For many of us, life has been brought to a halt thanks to the COVID-19 pandemic, but this is not the case for day laborers. Day laborers in California are, for the most part, undocumented immigrant men who work temporary jobs. Every day without fail, these groups of men wake up a little before sunrise to begin their day of work. However, due to their citizenship status, many of them have not had the luxury of receiving stimulus checks or any form of federal aid during the pandemic.
Following social distancing regulations, I went out to interview a few day laborers. I asked them the following questions: how has COVID affected day laborers? What do they expect the new president to do differently from the current lame duck? What can our communities do to help them?
The first day laborer I spoke to was Brandon D., a man in his early thirties, wearing a face mask to comply with COVID-19 regulations. I asked him his thoughts on President-elect Joseph Biden and how he thinks Biden will help immigrant workers. Brandon shared that “at the very least the new president does not seem as racist as the current one. This gives me some hope that he will treat the Latino immigrant communities a bit better.” As for COVID, he said, “Of course he can do a lot more to help us. A big thing [Biden can] do is to get a vaccine out and make it accessible to everyone.”
Other day laborers like José Rocha and Angel Vázquez agree with Brandon D. and share that they do not wish to see anymore future lockdowns implemented by the new administration.
Rocha added that another lockdown would “bring on another episode of chaos in the stores. We are out working all day. We don’t get off until late in the day and by the time we would get to the stores everything would be out of stock.” He also said, “If I don’t work, that hurts my family back home as well.”
Along with not receiving government aid, I asked the men if any of them received any form of supplemental help from their bosses or employers. Rocha shared, “It’s me and another guy working, my boss. When he doesn’t get any jobs, I don’t get any jobs, so there was no way for him to help me out. I’m just glad we are both working again.”
I asked Vázquez what he expects the government to do to help him and others in similar situations. Vázquez explained his disillusionment with the government and stated that “the first government to fail me was the one in Mexico. They discriminate on age, they don’t allow people over 55 years old to work because they don’t want us to receive pensions after retiring, but they’re allowed to run for office at 55 and run a corrupt government.” Following that response, Vázquez was picked up for work that day and asked if I could come back the next morning.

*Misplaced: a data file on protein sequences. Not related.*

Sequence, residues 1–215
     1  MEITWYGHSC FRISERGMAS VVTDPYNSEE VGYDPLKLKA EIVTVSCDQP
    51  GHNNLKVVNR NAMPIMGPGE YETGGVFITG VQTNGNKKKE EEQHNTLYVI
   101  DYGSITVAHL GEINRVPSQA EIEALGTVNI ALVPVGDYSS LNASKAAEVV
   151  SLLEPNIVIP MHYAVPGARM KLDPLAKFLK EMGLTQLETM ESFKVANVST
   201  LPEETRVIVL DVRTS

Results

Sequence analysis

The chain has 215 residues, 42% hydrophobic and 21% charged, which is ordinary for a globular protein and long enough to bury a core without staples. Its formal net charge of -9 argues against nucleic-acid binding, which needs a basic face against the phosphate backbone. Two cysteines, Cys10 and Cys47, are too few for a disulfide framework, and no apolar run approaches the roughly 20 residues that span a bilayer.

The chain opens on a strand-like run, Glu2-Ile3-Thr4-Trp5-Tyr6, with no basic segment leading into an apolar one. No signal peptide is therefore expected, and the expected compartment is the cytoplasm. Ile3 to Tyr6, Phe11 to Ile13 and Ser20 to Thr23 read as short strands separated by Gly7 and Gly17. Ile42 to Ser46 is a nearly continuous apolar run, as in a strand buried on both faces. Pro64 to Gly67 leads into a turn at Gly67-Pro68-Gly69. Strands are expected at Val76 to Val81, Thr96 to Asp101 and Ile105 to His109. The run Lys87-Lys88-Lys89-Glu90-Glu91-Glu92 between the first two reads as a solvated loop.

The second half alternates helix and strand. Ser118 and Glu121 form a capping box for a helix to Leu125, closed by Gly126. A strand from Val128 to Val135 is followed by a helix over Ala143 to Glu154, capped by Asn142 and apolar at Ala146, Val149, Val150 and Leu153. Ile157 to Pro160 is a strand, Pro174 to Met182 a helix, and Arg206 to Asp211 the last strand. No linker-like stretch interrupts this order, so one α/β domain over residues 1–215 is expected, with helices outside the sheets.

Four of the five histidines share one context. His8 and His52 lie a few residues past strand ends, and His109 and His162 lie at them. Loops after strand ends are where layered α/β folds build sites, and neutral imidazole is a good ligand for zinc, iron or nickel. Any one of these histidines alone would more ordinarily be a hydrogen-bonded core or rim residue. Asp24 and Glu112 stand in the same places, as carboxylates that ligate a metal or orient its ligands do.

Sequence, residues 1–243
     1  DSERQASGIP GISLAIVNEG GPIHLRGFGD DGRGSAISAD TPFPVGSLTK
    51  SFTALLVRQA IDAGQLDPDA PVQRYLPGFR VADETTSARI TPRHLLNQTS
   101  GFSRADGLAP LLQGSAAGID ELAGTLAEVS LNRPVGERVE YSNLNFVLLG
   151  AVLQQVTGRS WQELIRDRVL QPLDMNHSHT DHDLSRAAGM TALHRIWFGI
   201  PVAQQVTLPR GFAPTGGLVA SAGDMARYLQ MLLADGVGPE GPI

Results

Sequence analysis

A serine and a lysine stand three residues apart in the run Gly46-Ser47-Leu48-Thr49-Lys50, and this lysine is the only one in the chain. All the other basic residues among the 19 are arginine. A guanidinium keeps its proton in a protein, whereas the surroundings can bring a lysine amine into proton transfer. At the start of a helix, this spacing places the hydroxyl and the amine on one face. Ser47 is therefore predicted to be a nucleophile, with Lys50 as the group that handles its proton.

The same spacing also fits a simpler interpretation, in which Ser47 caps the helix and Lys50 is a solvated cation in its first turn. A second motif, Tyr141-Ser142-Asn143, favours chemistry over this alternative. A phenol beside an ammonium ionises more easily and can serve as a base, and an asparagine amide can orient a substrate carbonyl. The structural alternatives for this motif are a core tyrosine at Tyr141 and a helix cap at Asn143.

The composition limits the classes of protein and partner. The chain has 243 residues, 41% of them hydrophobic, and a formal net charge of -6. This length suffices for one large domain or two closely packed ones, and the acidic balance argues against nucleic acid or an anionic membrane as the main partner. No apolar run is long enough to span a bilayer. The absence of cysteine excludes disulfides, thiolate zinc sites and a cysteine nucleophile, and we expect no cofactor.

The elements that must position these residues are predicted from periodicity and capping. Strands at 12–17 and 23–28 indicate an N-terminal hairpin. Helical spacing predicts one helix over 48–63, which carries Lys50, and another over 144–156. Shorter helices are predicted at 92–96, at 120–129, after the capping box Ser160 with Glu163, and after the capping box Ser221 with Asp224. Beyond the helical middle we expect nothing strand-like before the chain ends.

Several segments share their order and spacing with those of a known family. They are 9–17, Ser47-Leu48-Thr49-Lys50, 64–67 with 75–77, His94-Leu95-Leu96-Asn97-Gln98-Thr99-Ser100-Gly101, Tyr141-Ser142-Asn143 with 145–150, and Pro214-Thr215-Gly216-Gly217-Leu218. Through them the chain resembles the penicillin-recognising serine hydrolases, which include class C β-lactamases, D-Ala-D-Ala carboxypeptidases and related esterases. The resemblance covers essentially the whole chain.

The following morning, Vázquez continued to share the lack of expectations he has for any president or government. He said, “No estamos esperanzado a que nos den nada, solo que nos dejen seguir trabajando. (We’re not hopeful in receiving anything, we just want them to keep letting us work.)”
Vazquez added that he and other immigrant workers are always willing to work and that “there’s always going to be jobs we can do because there are things no one else will do, it just all depends on whether they [the government] let us work. The advantage of our job is that we’re always outdoors and we are not around other people.”
Aside from asking them what the government and those in positions of power can do to help, I asked the men what their communities can do to help them and other day laborers. Rocha asked for people to be more mindful in the case of another lockdown. Vazquez said, “If it’s not necessary for people to go out, they should stay inside because there are people that have to work.” Finally, Brandon D. asked, “Que la gente en la comunidad siga usando mascarillas. Eso nos ayuda mucho porque nos protege un poco más a los que tenemos que trabajar. (People should keep wearing masks. That helps us out a lot because it protects those of us who actually have to work.)”